In the latest of a wave of appraisal opinions issued in Delaware, on August 1st, the Delaware Supreme Court reversed the highly-publicized DFC Global appraisal ruling, in DFC Global Corporation v. Muirfield Value Partners, L.P.No. 518, 2016 (Del. Ch. Aug. 1, 2017).

A recent string of decisions have found that the deal price of a merger, when there was an arm’s length transaction achieved after a well-structured and robust sales process, may be the best evidence of “fair value” of the merger proceeds at issue.  This decision reinforces this notion, although the Supreme Court declined to go so far as declaring a bright-line rule.

In DFC Global, the Delaware Supreme Court reversed a Court of Chancery ruling that payday lender DFC Global Corp. (“DFC” or the “Company”) was sold for an amount less than fair value in 2014.  Last year, Chancellor Bouchard determined that the fair value of the petitioners’ 4.6 million DFC shares was $10.21 each, a roughly 7 percent increase over the deal price.  For a discussion of the lower court’s decision, click here.

This was one of two decisions in 2016, where the Court of Chancery found fair value to be greater than the deal price.  In the other decision, In re: Appraisal of Dell Inc., C.A. No. 9322-VCL (Del. Ch. May 31, 2016), Vice Chancellor Laster found fair value to be 22% greater than the deal price, which stood for the premise that deal price is not a fair value indicator in the context of a management-led buyout.  The Dell decision is similarly pending before the Delaware Supreme Court.  For a review of this decision, click here.

In reversing the Court of Chancery, the High Court found that reversible error had been committed by only according a one-third weighting of the deal price to the valuation of DFC’s common stock.  Under these circumstances, the deal price should have been accorded greater emphasis.  The Supreme Court further addressed the ability of the market to reflect regulatory impact on the stock price, and rejected the trial court’s conclusions that regulatory upheaval justified a downward weighting of the deal price.  The Supreme Court ordered the Court of Chancery to explain its weighting methodology on remand.

Stay tuned for the Delaware Supreme Court’s decision in Dell.

Carl D. Neff is a partner with the law firm of Fox Rothschild LLP.  Carl is admitted in the State of Delaware and regularly practices before the Delaware Court of Chancery, with an emphasis on shareholder disputes. You can reach Carl at (302) 622-4272 or at cneff@foxrothschild.com.

In prior posts, we discussed the methodology employed by the Court in determining the fair value of shares under a challenge to a merger under 8 Del. C. § 262.  As previously discussed in this post, the Court generally will utilize the discounted cash flow (“DCF”) methodology in evaluating a target company’s shares.

In the recent case of In re Appraisal of Ancestry.com, Inc.,  C.A. No. 8173-VCG (Jan. 30, 2015), the Court of Chancery determined the fair value of merger shares of Ancestry.com, Inc.  Of note, each expert in this action relied exclusively upon the DCF methodology.  The merger price was $32 a share.  Petitioners’ expert calculated the value to be at least $42.81 per share, whereas Respondent valued the shares at $30.63.  The Court then provides a detailed analysis of how it ultimately determined that the value of Ancestry’s shares was in fact $32 a share. (see Opinion, pp. 42-56).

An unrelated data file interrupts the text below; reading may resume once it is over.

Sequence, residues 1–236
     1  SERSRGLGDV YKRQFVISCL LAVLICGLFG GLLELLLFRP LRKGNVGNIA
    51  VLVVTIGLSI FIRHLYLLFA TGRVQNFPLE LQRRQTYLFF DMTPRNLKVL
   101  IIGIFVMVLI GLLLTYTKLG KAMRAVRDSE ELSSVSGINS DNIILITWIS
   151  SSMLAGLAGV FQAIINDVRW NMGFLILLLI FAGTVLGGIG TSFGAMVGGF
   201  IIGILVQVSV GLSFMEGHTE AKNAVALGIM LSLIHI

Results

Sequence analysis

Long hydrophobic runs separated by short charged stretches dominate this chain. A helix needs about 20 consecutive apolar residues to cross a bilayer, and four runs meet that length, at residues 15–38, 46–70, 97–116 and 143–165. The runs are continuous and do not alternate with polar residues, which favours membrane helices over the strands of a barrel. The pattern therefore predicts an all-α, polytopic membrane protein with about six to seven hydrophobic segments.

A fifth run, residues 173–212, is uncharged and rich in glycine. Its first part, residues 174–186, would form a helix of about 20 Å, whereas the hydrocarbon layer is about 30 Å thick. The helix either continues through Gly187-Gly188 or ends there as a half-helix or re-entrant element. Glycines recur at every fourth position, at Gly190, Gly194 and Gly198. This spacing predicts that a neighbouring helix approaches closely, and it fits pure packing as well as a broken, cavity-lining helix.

Carl D. Neff is a lawyer with the law firm of Fox Rothschild LLP.  Carl is admitted in the State of Delaware and regularly practices before the Delaware Court of Chancery, with an emphasis on shareholder disputes.  You can reach Carl at (302) 622-4272 or at cneff@foxrothschild.com.

Under Section 262 of the Delaware General Corporation Law (“DGCL”), the Court is authorized to add simple or compound interest to the appraised value to a dissenting shareholder.

The Court has discretion whether to award simple or compound interest.  In some cases, the court has simply awarded the legal rate of interest, or the Federal Reserve discount rate plus 5 percent. In other cases, the court has awarded interest equal to the average of the acquirer’s cost of borrowing and the so-called “prudent investor” rate.

Historically, Delaware courts have awarded simple interest. However, compound interest has been awarded in more recent cases.  Factors considered by the courts include the amount of the appraised value and the amount of time that has elapsed since the completion of the merger.

Carl D. Neff is a lawyer with the law firm of Fox Rothschild LLP.  Carl is admitted in the State of Delaware and regularly practices before the Delaware Court of Chancery, with an emphasis on shareholder disputes. You can reach Carl at (302) 622-4272 or at cneff@foxrothschild.com.

 

In a prior post, we discussed valuation methodologies utilized by the Delaware Court of Chancery.  The Court of Chancery generally utilizes a discounted cash flow methodology in appraisal proceedings.

However, Delaware courts have incorporated other elements of future value in their valuation processes, so long as these elements were not “speculative.” For example, the court in Cede & Co. v. Technicolor, Inc., 684 A.2d 289 (Del. 1996) held that the breakup plan of Technicolor could be used to calculate the value of Technicolor stock.  Ultimately, including this future potential value of the breakup plan led to shares being valued at approximately 24% greater than the tender offer price.

Further, in ONTI, Inc. v. Integra Bank, 751 A.2d 904 (Del. Ch. 1999), minority stockholders of OTI, Inc. objected to their cash-out value in a short-form merger of approximately $6 million.  They argued that subsequent mergers of the acquiring company should be computed in the price, which would lead to a higher valuation of their shares.  The Court agreed, citing Cede, and valued their shares at $16 million.